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  • Hannah Kelly

Being a Good Athlete on a Great Team

My name is Hannah Kelly and I competed on the Duke Track and Field team from 2019-2023. As a recently retired athlete, I reflect back on my 4 years at Duke and vulnerably share my story with hopes of reaching someone who has or will go through the same thing.


I LOVED track. Yes, that’s written in past tense and here’s why.


As a high school student-athlete, track was my stress-reliever. It was my outlet, my escape from the millions of homework assignments, essays, and tests that the strenuous International Baccalaureate program required from me. While it may sound unbelievable, I found joy in waking up at 6 AM for practice. The adrenaline generated from running – and high jumping – was unlike any other feeling in this world. An even better feeling, though, was winning, knowing that the early mornings, the out-of-breath workouts and the dedication was all worth it. Nonetheless, these priceless moments were all 2nd in my priority list, with academics taking the reigning position. Therefore, as I headed into my senior year with college application decisions approaching, I began to tour different campuses (and no, not like an official visit but just through the regular academic tours).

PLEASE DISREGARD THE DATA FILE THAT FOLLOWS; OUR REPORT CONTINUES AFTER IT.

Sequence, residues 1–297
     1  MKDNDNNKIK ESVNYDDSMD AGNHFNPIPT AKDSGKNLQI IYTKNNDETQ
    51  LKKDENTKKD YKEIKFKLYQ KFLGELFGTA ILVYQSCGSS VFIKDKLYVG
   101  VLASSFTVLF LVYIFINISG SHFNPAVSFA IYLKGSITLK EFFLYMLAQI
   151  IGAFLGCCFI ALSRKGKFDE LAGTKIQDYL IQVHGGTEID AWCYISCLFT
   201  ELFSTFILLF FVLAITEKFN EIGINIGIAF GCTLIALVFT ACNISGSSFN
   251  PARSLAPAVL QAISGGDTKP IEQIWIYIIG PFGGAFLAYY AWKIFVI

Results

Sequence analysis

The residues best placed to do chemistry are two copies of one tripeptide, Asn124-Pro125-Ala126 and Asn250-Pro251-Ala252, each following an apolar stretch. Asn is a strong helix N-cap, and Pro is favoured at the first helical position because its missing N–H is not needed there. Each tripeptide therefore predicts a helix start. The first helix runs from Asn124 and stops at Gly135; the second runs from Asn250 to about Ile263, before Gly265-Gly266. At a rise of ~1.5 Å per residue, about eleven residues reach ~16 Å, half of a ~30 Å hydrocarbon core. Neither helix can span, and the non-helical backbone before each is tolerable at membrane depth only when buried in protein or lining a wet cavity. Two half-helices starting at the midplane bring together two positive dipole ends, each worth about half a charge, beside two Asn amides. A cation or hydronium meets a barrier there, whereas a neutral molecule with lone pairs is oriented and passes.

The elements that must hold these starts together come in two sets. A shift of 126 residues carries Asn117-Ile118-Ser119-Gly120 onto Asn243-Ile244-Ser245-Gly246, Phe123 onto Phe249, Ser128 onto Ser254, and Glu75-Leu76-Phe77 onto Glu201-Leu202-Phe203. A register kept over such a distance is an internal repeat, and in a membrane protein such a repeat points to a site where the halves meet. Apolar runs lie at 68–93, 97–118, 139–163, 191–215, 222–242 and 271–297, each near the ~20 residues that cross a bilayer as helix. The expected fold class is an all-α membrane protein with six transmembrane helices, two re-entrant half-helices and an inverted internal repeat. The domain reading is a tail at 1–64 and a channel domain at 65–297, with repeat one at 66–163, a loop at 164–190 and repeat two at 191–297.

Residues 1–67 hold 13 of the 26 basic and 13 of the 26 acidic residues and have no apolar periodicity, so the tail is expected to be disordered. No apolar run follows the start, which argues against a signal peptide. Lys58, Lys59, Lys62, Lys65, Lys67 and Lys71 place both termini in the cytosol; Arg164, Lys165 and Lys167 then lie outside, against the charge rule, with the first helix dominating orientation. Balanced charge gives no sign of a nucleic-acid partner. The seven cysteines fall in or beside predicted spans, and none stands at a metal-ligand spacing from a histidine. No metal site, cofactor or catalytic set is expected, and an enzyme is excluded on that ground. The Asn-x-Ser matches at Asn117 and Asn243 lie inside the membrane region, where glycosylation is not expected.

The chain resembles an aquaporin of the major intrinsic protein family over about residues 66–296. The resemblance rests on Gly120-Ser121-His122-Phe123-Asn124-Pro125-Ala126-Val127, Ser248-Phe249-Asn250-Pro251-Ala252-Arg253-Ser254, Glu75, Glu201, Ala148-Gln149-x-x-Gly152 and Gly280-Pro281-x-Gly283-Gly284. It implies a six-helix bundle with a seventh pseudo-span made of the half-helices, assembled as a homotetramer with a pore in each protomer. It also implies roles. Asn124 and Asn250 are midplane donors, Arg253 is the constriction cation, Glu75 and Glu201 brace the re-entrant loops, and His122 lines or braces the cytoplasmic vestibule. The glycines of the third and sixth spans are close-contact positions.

As soon as I stepped onto Duke’s campus, I knew I would one day be able to call this place home. How was I going to do it? I really wasn’t quite sure. While I had the grades and the extracurricular activities, so did all the other brilliant students who planned on applying. And, as we all know, getting into college is kind of arbitrary. Almost as if by fate, I received a call during my tour from a family friend who convinced me to call the Duke Track coach. At the time, I told myself that there was no way I would ever be able to high jump here. I mean c’mon, it’s Duke. Miraculously, the coach answered, showed me around, and scheduled my official visit for the fall. It truly felt like all the pieces for my future were falling perfectly into place.


Fast forward to my official visit, I was told I needed to apply to Duke without any assistance from athletics. Because of my strong application and limited admission spots, the coaches wanted to get a “2-for-1” deal, getting 2 athletes on the team while only using 1 application spot. While I was stressed, I appreciated the coaches believing in my capabilities to get into Duke on my own. Long story short, I applied to Duke Early Decision… DEFERRED.